This fall I’ve developed an obsession for books about books. I have a stack of them just waiting to be read, and I’ve already finished two of them. First, there was The Storied Life of A.J. Fikry, a surprising and fun little book. That one didn’t last long. Next, I picked up Shadow of the Wind by Carlos Ruiz Zafron. This was a longer and perhaps slightly denser book.
The book introduces us right away to a young boy who a wise reader is sure will “come of age” by the end of things, but it starts out, charmingly, with a visit to the Museum of Forgotten Books and the opportunity for young boy to pick out any book that he likes to have for his very own. The boy’s fateful choice, of course, directs the action of the rest of the book, which follows his obsessive journey to learn anything and everything he can about the author of his book- Julian Carax.
The book is full of abusive and horrible men, contrasted with a few sad old men, and wily, creative young men. As for the women in the story, they all seem to be willowy, ethereal, sexy in a weird way, and likely to die. The horrible men are so horrible that I was sure that Zafron must be a woman, but the strange and surprising female characters do seem very much written by a man, so I gave upon that theory. Overall, I found the characters believable and compelling, though none of them stood out to me quite like the unfindable author at the center of the text.
As boy searches for information about Julian Carax, I found myself also looking for him– except in Zafron’s own characters. In fact, there is something mirror-like about the storyline. Rather, the story feels a bit like a house of mirrors at times. Certain events and relationship dynamics and feelings repeat themselves in so many different lives that one begins to feel as if these are the ubiquitous human experience. If that’s what Zafron is after, of course, then we are all likely to fall in love with someone who you simply cannot be with, get knocked up, and never really be able to have a relationship with the lover or the child. Perhaps there is something resonant about ill-fated love, but what is interesting is the center from which this sense of humanity emanates is largely absent. Julian Carax: Who is he? Where is he? Is he dead? Is he alive? Perhaps because of his absence, he is the central source of mystery in this magical novel.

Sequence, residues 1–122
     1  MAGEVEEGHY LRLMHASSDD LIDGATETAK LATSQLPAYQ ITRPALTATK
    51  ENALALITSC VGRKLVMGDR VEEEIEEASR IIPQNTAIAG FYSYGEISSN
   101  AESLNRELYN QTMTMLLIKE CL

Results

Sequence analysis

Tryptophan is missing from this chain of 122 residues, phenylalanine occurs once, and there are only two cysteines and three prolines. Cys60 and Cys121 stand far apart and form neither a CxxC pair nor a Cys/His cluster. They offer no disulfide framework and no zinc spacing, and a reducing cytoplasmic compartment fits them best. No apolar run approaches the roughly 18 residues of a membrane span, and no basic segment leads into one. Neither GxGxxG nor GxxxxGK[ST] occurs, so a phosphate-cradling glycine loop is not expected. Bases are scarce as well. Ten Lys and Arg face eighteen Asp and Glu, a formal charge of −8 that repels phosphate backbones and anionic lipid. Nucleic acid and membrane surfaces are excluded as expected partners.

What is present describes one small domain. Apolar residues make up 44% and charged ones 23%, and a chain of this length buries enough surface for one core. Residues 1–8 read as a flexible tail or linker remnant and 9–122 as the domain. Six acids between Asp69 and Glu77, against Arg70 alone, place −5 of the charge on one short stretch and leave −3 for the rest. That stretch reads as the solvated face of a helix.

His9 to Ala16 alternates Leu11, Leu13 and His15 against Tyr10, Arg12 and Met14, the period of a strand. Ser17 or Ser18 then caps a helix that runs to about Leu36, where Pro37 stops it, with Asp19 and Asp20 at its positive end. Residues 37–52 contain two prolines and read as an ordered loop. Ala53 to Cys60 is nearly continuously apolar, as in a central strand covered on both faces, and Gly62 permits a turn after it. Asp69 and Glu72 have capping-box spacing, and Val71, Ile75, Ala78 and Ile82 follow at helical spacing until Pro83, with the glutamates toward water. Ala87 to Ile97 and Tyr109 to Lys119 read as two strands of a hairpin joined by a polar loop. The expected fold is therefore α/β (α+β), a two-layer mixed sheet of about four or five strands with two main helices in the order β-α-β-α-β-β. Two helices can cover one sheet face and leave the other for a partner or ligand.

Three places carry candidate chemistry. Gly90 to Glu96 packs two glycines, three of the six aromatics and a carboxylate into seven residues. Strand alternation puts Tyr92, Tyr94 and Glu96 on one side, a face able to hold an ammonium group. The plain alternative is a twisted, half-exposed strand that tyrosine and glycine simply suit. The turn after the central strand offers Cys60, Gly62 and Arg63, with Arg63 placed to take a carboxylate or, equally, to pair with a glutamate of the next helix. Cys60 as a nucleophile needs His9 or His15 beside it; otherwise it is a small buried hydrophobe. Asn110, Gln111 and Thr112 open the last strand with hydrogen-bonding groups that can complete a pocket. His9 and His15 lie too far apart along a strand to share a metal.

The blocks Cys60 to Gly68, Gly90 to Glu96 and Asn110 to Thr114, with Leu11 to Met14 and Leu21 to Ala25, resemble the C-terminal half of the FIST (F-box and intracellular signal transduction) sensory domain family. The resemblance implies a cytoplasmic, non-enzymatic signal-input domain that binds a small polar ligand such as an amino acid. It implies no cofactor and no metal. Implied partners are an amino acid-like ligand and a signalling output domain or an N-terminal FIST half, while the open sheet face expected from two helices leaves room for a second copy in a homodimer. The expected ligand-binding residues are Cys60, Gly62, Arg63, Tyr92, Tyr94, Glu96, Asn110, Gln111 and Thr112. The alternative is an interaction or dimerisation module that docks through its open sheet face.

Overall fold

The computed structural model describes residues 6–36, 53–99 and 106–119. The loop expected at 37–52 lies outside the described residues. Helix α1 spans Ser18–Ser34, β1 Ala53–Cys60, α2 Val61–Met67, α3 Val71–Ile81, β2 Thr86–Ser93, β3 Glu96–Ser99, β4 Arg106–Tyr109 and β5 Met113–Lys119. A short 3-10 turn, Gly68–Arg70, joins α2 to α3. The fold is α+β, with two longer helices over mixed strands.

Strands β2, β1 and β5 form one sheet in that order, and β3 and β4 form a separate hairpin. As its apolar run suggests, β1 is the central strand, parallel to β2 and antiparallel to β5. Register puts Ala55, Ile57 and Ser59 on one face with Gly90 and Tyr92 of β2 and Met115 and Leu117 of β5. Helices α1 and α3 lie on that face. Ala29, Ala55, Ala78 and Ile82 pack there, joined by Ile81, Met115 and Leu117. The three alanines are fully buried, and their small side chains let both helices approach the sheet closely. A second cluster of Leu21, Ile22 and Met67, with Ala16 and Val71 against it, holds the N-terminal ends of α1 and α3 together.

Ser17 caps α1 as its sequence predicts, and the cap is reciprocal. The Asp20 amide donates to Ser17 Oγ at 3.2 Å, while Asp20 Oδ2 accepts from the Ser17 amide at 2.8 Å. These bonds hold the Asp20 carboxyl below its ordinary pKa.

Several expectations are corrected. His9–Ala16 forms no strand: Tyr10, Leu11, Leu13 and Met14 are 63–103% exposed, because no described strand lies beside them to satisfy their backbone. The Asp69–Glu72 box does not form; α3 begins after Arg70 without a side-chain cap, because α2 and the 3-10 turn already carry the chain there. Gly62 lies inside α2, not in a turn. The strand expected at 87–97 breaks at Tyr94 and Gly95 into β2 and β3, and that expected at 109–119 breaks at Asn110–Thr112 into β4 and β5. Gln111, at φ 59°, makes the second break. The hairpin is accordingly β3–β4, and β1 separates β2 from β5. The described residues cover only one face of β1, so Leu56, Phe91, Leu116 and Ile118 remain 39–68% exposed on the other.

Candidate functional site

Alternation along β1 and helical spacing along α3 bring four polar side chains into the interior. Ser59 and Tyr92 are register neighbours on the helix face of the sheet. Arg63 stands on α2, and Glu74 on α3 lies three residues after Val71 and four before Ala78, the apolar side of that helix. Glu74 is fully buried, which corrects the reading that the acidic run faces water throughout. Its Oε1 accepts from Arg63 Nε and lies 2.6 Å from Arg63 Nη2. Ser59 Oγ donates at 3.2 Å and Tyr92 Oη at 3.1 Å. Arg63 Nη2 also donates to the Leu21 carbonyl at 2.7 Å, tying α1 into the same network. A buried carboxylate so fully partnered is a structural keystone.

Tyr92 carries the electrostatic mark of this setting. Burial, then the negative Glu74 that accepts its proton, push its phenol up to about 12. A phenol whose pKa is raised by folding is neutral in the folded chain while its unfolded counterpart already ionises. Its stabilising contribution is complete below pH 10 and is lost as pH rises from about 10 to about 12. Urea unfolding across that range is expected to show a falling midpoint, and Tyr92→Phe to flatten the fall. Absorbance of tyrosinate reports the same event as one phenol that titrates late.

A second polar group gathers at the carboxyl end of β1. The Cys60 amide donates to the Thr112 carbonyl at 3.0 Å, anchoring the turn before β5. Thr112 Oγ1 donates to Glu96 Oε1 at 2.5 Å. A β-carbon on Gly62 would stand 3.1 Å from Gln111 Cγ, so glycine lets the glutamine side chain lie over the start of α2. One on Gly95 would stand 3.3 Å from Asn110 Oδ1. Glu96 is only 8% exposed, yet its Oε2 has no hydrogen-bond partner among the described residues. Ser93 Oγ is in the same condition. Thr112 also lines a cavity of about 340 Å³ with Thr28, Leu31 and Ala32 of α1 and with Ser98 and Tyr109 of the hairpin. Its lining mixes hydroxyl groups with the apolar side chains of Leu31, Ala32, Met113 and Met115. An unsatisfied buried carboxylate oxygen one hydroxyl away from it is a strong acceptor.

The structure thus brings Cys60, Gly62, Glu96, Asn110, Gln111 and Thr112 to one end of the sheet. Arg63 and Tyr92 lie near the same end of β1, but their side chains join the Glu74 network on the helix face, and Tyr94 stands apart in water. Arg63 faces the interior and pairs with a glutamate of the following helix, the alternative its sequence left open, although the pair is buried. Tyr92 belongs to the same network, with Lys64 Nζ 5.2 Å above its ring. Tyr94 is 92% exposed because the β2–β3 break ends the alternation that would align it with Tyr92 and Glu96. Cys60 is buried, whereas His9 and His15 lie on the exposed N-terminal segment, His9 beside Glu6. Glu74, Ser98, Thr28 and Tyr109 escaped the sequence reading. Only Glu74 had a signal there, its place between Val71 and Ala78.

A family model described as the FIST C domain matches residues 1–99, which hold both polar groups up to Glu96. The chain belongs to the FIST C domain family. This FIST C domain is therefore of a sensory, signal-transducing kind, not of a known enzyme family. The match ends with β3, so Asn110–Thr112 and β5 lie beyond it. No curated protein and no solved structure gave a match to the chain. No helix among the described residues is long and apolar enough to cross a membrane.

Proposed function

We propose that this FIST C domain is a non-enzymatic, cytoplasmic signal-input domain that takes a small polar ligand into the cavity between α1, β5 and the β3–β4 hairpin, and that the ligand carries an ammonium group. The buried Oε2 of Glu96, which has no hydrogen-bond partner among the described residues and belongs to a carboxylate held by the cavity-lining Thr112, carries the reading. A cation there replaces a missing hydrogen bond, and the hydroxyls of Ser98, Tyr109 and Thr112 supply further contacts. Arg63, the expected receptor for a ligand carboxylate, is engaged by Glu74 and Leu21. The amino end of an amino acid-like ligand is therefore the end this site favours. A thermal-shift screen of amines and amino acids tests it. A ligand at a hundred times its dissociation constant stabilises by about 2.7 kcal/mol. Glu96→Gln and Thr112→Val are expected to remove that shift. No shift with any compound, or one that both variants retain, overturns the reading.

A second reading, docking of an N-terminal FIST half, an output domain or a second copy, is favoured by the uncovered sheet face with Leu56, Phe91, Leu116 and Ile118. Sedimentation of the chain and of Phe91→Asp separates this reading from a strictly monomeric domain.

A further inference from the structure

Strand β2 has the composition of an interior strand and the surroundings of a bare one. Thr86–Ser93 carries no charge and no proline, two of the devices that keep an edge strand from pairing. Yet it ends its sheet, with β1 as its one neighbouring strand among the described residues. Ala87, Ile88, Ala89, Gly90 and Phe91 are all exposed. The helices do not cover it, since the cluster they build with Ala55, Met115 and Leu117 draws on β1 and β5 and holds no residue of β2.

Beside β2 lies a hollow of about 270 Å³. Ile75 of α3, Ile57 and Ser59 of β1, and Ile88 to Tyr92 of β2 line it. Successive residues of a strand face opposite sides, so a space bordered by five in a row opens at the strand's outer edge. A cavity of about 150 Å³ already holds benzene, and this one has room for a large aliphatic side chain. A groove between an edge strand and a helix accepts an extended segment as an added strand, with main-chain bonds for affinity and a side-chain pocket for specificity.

At a recent philosophy conference in Liverpool, my friend found himself cornered by an Irish Fisherman who liked to read even more than he liked to fish. He had recently finished Shadow of the Wind, as had Drew, and mentioned that the author at the center of the text, Julian Carax, was based upon a real person: Fernando Pesosa. Talk about a mystery unraveling. If you have ever read this novel, you will not believe what a destabilizing notion this is, but Drew’s conversation with the Irishman seemed to come to the conclusion that this was indeed the case. Pesosa apparently also wrote in many languages, published each book (and critical work) under a different name, and for each novel he wrote, he created an entire universe beyond the pages- author bio, critical analysis, scholarship, etc.– all entirely fabricated by the author.
I can’t decide whether what Pesosa did is better or worse than the work of Julian Carax in this novel, but I’m sure he was having more fun. What an interesting creative writing project that would make, though: write a short story under a pseudonym, and then create a collection of reviews and scholarship that surround the work. Literary virtual reality? Or a good literary swindle? And who doesn’t want a bit of that in their life?